All this research helps me understand why my anxiety, life long palpitations and low/high blood pressure (often swinging back and forth within minutes) cleared up within months of changing my diet. I’m not saying that a change of histamine levels in your diet is going to heal or prevent heart failure, but rather that making nutritional changes that feed the body the best fuel for preventing ill health generally, combined with an antihistamine and anti-inflammatory approach overall, may give us a leg up on excellent health.

My diet generally, as you can tell from the recipes in this blog, is naturally high in H1 and H2 histamine blockers. In any given recipe I’ll combine up to 10 antihistamine foods working on both receptors. Though much of the information we find nowadays is from studies conducted on animals (as it is in medical studies for pharmaceuticals also), I’ve definitely found that my bioflavonoid rich diet has eradicated nearly every symptom I suffered from. Sure, I still get a headache here and there, sometimes tinnitus kicks off, and other times my hour and a  half of daily yoga five days weekly leaves me pretty pooped. But I’m 40! I’m choosing not to focus on the negative and just live a life not focused on the remaining things that may be a little annoying.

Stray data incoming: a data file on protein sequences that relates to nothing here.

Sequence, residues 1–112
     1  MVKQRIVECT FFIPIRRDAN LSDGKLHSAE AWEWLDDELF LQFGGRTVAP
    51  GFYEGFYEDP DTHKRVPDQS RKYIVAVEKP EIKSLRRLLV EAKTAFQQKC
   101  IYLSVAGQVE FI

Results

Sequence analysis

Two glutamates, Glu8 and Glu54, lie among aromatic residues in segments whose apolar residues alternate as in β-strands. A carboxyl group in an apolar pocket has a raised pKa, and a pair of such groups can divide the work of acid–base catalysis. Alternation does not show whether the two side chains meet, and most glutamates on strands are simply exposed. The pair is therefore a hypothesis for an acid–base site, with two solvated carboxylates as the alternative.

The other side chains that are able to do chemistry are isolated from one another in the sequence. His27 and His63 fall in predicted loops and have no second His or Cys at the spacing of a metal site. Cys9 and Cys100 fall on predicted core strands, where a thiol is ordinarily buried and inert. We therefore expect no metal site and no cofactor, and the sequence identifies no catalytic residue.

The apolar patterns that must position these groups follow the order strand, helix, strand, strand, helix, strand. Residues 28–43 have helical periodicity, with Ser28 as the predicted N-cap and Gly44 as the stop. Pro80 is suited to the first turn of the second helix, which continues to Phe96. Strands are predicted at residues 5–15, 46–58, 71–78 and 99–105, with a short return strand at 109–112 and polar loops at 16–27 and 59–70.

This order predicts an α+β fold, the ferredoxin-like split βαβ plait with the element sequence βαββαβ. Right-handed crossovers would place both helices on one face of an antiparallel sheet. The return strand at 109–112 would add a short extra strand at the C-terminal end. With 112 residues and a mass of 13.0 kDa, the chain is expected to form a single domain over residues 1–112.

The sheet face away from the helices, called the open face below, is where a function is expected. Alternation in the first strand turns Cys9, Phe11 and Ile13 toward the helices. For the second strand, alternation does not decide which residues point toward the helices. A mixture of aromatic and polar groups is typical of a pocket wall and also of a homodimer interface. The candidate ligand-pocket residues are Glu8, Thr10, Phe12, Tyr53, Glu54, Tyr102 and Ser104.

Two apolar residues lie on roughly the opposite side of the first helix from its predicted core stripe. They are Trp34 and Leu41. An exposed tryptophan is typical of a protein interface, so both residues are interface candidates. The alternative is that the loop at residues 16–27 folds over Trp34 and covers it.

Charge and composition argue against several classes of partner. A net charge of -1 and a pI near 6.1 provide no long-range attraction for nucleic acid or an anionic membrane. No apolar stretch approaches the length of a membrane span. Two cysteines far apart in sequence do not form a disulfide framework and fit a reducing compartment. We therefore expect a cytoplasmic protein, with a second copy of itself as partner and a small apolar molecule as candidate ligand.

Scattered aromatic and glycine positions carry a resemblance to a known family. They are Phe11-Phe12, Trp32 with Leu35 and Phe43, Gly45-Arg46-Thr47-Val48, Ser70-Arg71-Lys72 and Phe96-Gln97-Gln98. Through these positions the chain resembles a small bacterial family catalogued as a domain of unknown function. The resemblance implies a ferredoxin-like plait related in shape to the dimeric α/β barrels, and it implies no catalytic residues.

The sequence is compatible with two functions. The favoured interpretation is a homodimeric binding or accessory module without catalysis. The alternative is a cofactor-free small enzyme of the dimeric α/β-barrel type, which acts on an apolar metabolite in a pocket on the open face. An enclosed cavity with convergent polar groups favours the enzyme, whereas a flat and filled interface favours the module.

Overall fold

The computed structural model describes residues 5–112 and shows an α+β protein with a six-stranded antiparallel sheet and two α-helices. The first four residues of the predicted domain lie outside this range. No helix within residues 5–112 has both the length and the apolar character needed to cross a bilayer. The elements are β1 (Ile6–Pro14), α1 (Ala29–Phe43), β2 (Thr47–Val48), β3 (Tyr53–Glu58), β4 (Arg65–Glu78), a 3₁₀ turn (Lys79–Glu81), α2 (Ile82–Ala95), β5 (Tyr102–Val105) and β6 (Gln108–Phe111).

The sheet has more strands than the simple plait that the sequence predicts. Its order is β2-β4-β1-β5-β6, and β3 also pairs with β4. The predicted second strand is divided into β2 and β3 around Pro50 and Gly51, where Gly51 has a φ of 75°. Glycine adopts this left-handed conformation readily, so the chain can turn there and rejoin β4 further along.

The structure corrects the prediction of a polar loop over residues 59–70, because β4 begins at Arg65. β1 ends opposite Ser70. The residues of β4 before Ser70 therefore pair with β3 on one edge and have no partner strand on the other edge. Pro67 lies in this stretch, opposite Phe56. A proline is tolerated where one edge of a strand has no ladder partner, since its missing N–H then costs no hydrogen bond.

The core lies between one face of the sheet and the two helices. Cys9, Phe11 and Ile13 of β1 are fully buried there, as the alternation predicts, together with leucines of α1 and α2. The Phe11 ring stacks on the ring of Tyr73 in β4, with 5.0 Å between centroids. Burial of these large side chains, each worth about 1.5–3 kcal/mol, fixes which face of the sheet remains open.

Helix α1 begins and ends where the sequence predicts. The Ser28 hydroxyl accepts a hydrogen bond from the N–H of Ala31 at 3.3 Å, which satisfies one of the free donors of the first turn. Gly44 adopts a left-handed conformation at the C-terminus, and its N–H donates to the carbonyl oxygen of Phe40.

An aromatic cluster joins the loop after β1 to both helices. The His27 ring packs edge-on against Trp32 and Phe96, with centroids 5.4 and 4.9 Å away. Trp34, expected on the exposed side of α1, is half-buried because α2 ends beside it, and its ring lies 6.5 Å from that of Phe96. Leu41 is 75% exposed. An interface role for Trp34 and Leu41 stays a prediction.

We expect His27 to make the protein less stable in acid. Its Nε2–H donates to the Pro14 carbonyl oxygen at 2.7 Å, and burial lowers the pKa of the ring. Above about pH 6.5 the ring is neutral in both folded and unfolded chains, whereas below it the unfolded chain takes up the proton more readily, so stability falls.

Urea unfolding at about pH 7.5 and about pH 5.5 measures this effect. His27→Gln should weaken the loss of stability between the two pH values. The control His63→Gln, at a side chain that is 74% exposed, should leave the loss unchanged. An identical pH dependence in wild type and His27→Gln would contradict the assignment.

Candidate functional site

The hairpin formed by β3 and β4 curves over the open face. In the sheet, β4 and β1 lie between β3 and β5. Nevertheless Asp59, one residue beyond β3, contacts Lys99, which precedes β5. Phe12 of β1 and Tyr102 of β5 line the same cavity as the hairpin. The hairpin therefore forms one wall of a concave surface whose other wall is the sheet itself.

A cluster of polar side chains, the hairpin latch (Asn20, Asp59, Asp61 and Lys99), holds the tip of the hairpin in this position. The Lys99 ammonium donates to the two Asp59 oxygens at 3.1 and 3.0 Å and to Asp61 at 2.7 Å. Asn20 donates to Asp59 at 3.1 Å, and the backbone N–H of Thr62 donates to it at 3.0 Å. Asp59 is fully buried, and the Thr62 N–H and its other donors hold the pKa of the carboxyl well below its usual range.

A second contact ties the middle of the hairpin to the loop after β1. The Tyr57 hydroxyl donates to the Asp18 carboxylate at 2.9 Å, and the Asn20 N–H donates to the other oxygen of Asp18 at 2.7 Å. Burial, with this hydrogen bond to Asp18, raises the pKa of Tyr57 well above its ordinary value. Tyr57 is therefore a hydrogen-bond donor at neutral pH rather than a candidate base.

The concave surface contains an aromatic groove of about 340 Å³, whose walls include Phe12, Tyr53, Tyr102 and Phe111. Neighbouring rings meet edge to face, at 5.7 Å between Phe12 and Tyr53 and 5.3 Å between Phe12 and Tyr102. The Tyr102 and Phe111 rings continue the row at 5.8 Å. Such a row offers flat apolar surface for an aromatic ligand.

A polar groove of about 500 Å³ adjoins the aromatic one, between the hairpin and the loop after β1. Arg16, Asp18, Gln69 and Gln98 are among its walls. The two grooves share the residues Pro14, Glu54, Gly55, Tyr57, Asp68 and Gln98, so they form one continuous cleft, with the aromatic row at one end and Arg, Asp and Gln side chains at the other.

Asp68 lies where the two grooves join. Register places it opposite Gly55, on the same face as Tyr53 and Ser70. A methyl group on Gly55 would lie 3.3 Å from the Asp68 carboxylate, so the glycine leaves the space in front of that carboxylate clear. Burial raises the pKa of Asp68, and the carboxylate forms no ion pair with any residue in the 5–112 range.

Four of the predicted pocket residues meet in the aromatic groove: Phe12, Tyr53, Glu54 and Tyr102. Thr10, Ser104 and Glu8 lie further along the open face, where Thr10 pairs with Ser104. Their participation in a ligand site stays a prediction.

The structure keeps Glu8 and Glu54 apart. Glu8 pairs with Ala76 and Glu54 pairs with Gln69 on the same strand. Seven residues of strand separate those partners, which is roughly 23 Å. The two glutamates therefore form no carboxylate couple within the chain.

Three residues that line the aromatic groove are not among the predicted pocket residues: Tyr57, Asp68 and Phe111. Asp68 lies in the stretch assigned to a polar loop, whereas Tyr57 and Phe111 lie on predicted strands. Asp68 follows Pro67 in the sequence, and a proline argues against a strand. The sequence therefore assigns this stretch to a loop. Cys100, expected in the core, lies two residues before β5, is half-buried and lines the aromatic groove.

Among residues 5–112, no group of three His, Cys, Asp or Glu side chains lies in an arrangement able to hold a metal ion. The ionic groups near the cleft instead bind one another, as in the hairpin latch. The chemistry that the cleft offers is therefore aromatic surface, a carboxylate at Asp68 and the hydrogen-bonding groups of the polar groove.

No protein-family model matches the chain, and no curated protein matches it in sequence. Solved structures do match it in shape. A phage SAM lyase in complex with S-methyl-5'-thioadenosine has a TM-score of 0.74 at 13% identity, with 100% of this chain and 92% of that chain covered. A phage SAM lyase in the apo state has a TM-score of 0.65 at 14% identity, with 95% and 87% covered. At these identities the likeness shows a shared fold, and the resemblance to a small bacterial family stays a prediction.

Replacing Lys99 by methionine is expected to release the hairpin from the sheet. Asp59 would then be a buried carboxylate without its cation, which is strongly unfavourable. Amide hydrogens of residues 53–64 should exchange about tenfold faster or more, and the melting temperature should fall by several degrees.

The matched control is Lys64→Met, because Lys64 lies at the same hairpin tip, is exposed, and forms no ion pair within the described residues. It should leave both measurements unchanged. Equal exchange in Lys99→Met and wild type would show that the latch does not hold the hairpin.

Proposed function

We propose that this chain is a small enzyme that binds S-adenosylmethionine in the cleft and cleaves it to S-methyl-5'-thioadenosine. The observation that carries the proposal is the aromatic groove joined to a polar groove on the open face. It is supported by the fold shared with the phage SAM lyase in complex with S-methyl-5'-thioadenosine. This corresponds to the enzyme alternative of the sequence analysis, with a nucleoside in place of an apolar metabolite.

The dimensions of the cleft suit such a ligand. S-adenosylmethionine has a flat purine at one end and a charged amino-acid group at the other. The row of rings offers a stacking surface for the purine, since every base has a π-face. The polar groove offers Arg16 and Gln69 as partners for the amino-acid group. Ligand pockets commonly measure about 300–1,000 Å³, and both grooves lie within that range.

Instead I spend that saved time on researching more foods to add my books and diet. Great examples of what I do are in the Man Food and Anti-Cookbook, both of which are almost exclusively made up of antihistamine and anti-inflammatory ingredients.

Here are some of the foods I include in my diet:

Natural H1 blockers: cilantro, basil, thyme, ginger, onion, mangosteen, nigella sativa

Natural H2 blockers: holy basil and ginger, both of which are as effective as ranitidine/zantac

Natural mast cell stabilisers: quercetin and luteolin, found in most of the foods in my books (cilantro, basil, thyme, ginger, onion, mangosteen, apple, broccoli)

You’ll find recipes full of foods with antihistamine and anti-inflammatory properties my books Anti-Recipes and The Anti-Cookbook

CLICK HERE FOR A FOUR WEEK HISTAMINE RESET WITH MEAL PLANNERS, STRESS RELIEF STRATEGIES & MORE

————————— REFERENCES ————————————

[1] Francis, G., & Tang, W. (2006). Histamine, Mast Cells, and Heart Failure. Journal of the American College of Cardiology, 48(7), 1385-1386.

[1a] Felix, S. B., Baumann, G., Helmus, S., Sattelberger, U. (1988) Basic Research in Cardiology, 83(5), 531-539

[2] DuBuske, L. (1999). Second-generation antihistamines: The risk of ventricular arrhythmias. Clinical Therapeutics, 21(2), 281-295.

[3] Kuchar, D.L., Walker, B.D., Thorburn, C.W., Ventricular tachycardia following ingestion of a commonly used antihistamine. Med J Aust 2002; 176 (9): 429-430.